silly as I am, I am doing my own wedding cake later this year, and wanted a 2 tier sponge cake. Up until now Iv only done single tier cakes so am completely at a loss as to where to start. I was going to make a square cake, and noticed the idea of making each cake on its own board, then using dowels - problem is I was going to cover in buttercream icing, and presumed this wouldnt work as the top cake board would be sat on top of the buttercream (which sounds messy!) I hate using fondant, and cant think how I would cover a square cake neatly, so really would prefer to use buttercream if there is a way!!! Any suggestions anyone???
You would actually put dowel rods, or straws cut to the height of the lower cake (or maybe slightly taller) and the upper cake rests on these supports, not the cake. I also like t cut out a piece of parchment or wax paper just a little smaller than the upper cake to go in between, just in case.
When I tier a cake and set cake upon cake, I put some jimmies or sprinkles between the cake and the board above it. It keeps the icing from attaching itself to the board and folks think its fun to have sprinkles on their cake! Also, make sure your dowels come to just the height of the icing or a tiny bit below- you don't want the cake to press on the one below and icing squeezing out the sides and ruining the look of your cake. And finally, there is a great book out there called "Wedding Cakes You Can Make: Designing, Baking, and Decorating the Perfect Wedding Cake" by Dede Wilson". It really takes you step by step thru the process and I checked it out at the library first but loved it so much- I bought it! It helps with ALL cakes not just weddings: baking, freezing, recipes, servings, etc. Good Luck with your cake!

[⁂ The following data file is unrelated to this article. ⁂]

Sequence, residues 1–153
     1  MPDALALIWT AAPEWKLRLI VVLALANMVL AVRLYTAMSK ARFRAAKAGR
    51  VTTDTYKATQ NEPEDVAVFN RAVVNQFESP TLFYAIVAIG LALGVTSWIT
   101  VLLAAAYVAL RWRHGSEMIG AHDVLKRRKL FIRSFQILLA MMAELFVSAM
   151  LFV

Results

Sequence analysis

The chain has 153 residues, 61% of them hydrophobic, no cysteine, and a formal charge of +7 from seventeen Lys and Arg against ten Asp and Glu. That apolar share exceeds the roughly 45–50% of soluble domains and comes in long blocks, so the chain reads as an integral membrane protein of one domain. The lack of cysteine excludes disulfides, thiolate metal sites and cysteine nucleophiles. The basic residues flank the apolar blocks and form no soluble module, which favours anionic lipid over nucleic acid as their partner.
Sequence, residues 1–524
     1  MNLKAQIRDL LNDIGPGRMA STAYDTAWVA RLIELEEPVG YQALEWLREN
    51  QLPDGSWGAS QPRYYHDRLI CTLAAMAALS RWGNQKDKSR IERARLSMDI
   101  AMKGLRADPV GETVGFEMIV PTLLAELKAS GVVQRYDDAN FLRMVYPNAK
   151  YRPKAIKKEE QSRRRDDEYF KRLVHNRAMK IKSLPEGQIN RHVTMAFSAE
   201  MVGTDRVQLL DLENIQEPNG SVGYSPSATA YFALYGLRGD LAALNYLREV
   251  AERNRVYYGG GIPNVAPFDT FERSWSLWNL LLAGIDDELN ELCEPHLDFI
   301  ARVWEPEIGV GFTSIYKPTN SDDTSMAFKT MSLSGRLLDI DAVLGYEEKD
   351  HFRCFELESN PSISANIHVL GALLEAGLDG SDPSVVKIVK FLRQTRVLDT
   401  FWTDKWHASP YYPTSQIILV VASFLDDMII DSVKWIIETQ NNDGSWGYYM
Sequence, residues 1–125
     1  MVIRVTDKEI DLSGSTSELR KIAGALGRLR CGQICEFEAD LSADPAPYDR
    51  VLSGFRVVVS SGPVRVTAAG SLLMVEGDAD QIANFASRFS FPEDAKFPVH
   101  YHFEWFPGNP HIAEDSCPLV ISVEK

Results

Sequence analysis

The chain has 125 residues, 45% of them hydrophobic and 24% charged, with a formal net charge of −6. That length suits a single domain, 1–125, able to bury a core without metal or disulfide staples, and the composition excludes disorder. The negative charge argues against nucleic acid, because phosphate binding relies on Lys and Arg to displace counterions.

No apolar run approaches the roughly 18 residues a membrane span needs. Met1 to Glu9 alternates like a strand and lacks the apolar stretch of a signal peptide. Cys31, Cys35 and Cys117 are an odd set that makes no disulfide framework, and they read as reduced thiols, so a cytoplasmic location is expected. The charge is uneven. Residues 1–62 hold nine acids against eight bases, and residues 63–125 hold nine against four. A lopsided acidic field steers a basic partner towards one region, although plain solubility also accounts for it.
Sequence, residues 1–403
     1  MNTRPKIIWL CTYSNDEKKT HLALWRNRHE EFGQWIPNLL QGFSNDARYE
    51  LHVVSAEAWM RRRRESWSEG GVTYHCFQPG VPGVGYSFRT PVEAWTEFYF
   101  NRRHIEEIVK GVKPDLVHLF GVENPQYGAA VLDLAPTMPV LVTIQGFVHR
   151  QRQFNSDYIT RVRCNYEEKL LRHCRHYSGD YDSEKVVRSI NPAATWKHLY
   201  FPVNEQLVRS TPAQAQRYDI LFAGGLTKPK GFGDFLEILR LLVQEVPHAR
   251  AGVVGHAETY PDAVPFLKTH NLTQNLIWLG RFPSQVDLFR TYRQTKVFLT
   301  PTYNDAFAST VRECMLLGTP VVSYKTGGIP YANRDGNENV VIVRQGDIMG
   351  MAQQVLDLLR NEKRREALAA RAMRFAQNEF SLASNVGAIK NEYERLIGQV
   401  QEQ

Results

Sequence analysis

I'm sure this goes without saying, but you should really do a practice cake sometime beforehand just to make sure you're happy with how things come out. It's just way too much pressure on yourself to try to teach yourself a new technique on anyone's wedding cake, much less your own. One of my favorite hints about dowels is for if you're going to finish it at home and transport it already built: I measure a dowel just shy of the total height of my cake, then sharpen the tip with a pencil sharpener. I punch it down through the top middle of my top layer, punching through the cardboard cakeboard it sits on (which sits on top of dowels going through the lower cake, making sure not to do those small dowels in the center). Then re-cover the top where the hole is, or put flowers over or your topper or whatever to hide it. This firmly attaches the top layer to the bottom so it can't slide off in transit. If you don't do this, then there's not much holding the two tiers together and one big turn could spell disaster. With a nice dowel down through the center, you can pretty much take one on a roller coaster and it won't slide apart. Place it on a damp towel on a level surface in the car (I use the tailgate) so it won't slide, or have someone hold it the whole way. Good luck and Best Wishes!